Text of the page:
Administrator Frederic Engerer says the 2003 is “the sexiest Latour ever made.” He also described it as “the 1990 without any brettanomyces.” I loved this wine from the barrel and was fortunate enough to be able to purchase a small quantity, enjoying every bottle I have had. A profound example of Chateau Latour, the full-bodied, opulent 2003 is already performing well at age eleven, which is somewhat atypical. The pH is a relatively high 3.8, which also indicates low acidity. 

The wine is very ripe, but not over-ripe, offers great freshness, and lots of creme de cassis and camphor as well as hints of blackberries and chocolate. Dense, thick and unctuously textured, this staggering Latour is undeniably the most sumptuous, opulent wine made here since the 1982 or 1961.

Drink 2014 - 2034

Robert M. Parker, Jr., Wine Advocate (August 2014)

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James Suckling100/100

A very flamboyant and exciting Latour. Sliced black truffles, sweet leather, spices, and dark fruits on the nose. Full and powerful, with roasted fruit and leather undertones. Big and velvety, with polished, almost dusty tannins, and a super long finish. This leans more towards sexy than intellectual. Very concentrated.

James Suckling, JamesSuckling.com (February 2011)

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Stephen Tanzer97/100

Red-ruby. Explosive aromas of plum liqueur, currant, minerals and lead pencil. Huge, lush, sweet and utterly seamless; this has the palate-caressing texture of liquid velvet. About as deep as this extreme vintage gets. Finishes with noble, compellingly sweet tannins and great length. This is an amazing wine, and only its exotic character prevented me from giving it an even higher score. Interestingly, the IPT here is 65, compared to 67 for the 2005. But this voluminous and powerful wine will be more fun to drink than the 2005 for many years simply due to its sensual appeal, even if the 2005 should ultimately surpass it in verve, minerality and overall aromatic complexity.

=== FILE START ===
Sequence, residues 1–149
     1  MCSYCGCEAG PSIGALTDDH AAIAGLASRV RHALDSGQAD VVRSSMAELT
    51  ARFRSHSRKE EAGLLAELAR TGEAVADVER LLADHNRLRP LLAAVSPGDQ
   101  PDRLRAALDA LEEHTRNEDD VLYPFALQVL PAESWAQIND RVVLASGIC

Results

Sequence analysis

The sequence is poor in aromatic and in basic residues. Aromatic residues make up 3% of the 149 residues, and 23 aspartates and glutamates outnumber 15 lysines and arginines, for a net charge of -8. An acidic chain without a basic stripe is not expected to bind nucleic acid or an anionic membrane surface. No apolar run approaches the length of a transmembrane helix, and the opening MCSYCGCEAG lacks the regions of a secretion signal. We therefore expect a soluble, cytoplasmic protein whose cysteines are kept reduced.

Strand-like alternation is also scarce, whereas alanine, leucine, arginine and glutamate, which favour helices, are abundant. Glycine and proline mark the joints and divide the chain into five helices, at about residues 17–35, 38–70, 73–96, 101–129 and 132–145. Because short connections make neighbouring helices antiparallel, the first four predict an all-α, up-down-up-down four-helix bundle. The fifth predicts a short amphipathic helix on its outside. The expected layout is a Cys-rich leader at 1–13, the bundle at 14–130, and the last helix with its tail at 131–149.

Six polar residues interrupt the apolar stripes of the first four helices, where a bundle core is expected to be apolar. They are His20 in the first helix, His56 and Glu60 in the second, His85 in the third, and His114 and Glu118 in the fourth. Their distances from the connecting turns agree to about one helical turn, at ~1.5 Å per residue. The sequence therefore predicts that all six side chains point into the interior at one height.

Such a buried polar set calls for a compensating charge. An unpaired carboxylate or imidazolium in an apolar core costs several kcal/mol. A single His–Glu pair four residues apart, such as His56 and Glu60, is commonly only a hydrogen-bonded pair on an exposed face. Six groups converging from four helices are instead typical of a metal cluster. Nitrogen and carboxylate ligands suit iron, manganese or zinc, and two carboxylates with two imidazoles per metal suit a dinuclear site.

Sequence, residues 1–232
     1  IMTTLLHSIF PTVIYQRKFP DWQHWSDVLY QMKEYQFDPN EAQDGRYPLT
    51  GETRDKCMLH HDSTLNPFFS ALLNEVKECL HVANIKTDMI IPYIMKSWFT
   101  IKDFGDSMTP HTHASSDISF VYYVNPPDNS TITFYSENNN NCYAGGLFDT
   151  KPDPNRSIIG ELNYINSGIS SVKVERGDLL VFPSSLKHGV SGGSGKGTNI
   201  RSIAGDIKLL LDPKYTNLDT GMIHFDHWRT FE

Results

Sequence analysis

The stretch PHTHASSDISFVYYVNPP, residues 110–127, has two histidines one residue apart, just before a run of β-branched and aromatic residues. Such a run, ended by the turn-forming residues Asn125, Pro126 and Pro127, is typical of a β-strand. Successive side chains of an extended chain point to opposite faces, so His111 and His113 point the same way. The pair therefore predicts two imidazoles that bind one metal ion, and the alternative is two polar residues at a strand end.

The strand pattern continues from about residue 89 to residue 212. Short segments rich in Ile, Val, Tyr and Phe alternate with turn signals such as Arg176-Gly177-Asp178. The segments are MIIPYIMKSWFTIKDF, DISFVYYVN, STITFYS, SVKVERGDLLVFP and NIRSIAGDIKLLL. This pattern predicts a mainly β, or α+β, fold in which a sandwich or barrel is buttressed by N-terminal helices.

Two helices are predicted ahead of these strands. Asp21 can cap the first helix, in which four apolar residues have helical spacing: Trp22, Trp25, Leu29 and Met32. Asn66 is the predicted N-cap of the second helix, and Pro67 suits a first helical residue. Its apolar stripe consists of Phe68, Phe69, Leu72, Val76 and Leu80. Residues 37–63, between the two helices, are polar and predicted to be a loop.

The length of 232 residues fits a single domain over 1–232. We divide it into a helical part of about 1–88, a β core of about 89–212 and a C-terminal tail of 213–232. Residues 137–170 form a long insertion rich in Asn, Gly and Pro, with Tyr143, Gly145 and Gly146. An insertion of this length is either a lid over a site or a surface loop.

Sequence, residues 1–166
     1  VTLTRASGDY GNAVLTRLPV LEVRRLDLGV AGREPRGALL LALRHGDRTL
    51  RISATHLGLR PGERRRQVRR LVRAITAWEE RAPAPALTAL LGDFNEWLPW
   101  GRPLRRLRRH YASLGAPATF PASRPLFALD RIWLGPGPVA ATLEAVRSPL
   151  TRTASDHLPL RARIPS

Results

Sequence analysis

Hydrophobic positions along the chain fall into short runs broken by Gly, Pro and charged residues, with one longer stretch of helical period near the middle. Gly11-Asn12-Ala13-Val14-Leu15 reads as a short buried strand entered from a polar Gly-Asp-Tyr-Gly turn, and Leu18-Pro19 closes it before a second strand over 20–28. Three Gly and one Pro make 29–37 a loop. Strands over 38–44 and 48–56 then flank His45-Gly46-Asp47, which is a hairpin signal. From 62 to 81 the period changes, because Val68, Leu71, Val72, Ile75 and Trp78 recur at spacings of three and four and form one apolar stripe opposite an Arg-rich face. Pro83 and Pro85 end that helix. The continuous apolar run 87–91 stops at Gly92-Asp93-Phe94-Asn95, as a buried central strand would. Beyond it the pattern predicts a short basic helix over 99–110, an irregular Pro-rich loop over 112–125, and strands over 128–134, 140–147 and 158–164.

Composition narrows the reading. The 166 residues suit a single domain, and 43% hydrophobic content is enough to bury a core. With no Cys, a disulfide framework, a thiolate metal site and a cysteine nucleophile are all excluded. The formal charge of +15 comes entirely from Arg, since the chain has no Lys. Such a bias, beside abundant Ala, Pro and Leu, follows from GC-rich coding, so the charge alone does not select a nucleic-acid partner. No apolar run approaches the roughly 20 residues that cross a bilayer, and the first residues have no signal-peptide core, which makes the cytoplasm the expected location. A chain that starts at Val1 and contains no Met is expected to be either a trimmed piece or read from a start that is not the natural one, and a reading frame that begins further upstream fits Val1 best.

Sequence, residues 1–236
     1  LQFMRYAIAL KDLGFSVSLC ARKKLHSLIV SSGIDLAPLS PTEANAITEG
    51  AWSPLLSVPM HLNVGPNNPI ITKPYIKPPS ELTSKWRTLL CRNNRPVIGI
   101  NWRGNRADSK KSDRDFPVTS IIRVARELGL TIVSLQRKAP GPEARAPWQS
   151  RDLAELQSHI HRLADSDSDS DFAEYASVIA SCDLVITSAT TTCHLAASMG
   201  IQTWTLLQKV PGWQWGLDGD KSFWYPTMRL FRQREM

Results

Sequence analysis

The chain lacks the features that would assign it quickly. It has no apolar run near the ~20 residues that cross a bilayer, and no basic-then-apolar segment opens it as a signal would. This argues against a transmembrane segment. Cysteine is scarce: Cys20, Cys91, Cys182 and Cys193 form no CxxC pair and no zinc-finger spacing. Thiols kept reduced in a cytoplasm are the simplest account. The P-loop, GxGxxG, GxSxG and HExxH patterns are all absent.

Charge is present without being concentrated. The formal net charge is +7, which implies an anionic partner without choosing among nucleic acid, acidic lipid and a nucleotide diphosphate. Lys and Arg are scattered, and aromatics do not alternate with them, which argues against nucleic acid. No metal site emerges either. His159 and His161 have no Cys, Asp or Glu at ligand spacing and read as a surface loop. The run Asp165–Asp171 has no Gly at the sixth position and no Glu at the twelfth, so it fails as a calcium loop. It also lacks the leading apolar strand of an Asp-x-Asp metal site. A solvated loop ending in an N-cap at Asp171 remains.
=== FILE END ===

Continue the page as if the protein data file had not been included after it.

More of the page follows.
Incidentally, Latour's third wine, simply called Pauillac, is extremely good in both 2005 and 2003-the former vintage showing terrific energy and loads of early personality, and the latter fat, round and exotic, with what Engerer described as a "Napa nose."

Stephen Tanzer, Vinous.com (May 2006)

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About this WINE

Château Latour

Château Latour

Château Latour is a wine estate in Pauillac, part of the Haut-Medoc sub-region on the Left Bank of Bordeaux. The estate’s history dates back to at least the 14th century, though vineyards were not established here until the 17th century. The estate is located at the southern edge of the Pauillac appellation, bordering the St Julien vineyards of Château Léoville Las Cases. Latour is one of the five First Growths of the 1855 classification, occupying the top tier alongside Châteaux Lafite Rothschild, Margaux, Haut-Brion, and Mouton Rothschild.

Latour is owned by François Pinault, one of France’s wealthiest people. It forms the jewel in the crown of Pinault’s Artémis Domaines, itself part of the larger Groupe Artémis. Other wineries within the portfolio include Clos de Tart and Domaine d’Eugénie in Burgundy; Château Grillet in the Rhône Valley; Champagne Jacquesson; Eisele Vineyard in California’s Napa Valley; and Maisons et Domaines Henriot, which includes holdings in Champagne, Burgundy, and Oregon.

The day-to-day running of Latour is entrusted to the dynamic Frédéric Engerer. Under his stewardship, a major programme of investment has taken place. In 2012, Latour announced that it would no longer offer its wines as part of the Bordeaux En Primeur campaign. Instead, the wines are kept at the estate until such a time as they are ready to be opened and enjoyed. They are then offered through the La Place de Bordeaux distribution system several years after the vintage.